biographies – charles baudelaire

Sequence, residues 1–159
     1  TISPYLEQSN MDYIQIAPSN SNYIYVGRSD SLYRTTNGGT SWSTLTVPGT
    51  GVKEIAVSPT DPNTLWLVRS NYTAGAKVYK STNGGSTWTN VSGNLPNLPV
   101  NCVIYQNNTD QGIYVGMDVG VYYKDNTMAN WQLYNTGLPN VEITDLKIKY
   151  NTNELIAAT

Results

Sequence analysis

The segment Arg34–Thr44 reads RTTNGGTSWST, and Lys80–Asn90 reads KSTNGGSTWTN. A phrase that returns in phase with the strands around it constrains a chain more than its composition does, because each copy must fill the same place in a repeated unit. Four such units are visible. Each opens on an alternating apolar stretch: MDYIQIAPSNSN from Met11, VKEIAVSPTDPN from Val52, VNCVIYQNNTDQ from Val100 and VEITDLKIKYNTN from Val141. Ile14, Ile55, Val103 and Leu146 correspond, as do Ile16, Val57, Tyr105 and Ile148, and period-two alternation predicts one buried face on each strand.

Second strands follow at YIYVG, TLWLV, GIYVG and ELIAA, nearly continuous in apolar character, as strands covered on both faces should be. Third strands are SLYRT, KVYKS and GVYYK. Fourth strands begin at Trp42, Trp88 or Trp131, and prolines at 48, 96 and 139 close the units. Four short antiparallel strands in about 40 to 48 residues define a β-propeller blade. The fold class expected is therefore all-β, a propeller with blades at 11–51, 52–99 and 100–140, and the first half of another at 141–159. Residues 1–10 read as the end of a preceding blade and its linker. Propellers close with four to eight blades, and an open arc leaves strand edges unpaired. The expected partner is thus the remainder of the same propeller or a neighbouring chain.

Charles-Pierre Baudelaire was born on 9 April 1821 in Paris and was educated at Lyons and in Paris. He took a degree in 1839 and decided to enter a literary career. As he pursued (condusse) a very irregular life, he was sent to India by his guardians, in 1841. Back in Paris, his life style had not changed. He took part with the revolutionaries in 1848, as was interested in republican politics. In 1857 he produced his first and famous volume of poems, Fleurs du mal first published in the Revue des deux mondes of Baudelaire’s friend Auguste Poulet Malassis. The book was appreciated by the critics more than by the public; author and publisher were prosecuted for offending against public morals. Another edition of the Fleurs du mal, without some poems, but with considerable additions (aggiunte) , appeared in 1861.Baudelaire knew English quite well: his favorite readings were the English “Satanic” romances, such as Lewis’s Monk. In 1846-47 he started appreciating the works of Edgar Allan Poe, and translated them into French. Meanwhile his financial problems got worse. In 1864 he left Paris for Belgium, and became an opium and alcohol addict. Paralysis followed, and he died in maisons de santé in Brussels and in Paris on the 31st of August 1867. Among his best works are : Petits Poèmes en prose; studies on Gustave Flaubert (1857); on Théophile Gautier (1858); Les Paradis artificiels opium et haschisch (1860); Richard Wagner et Tannhäuser à Paris (1861); Un Dernier Chapitre de l’histoire des oeuvres de Balzac (1880)

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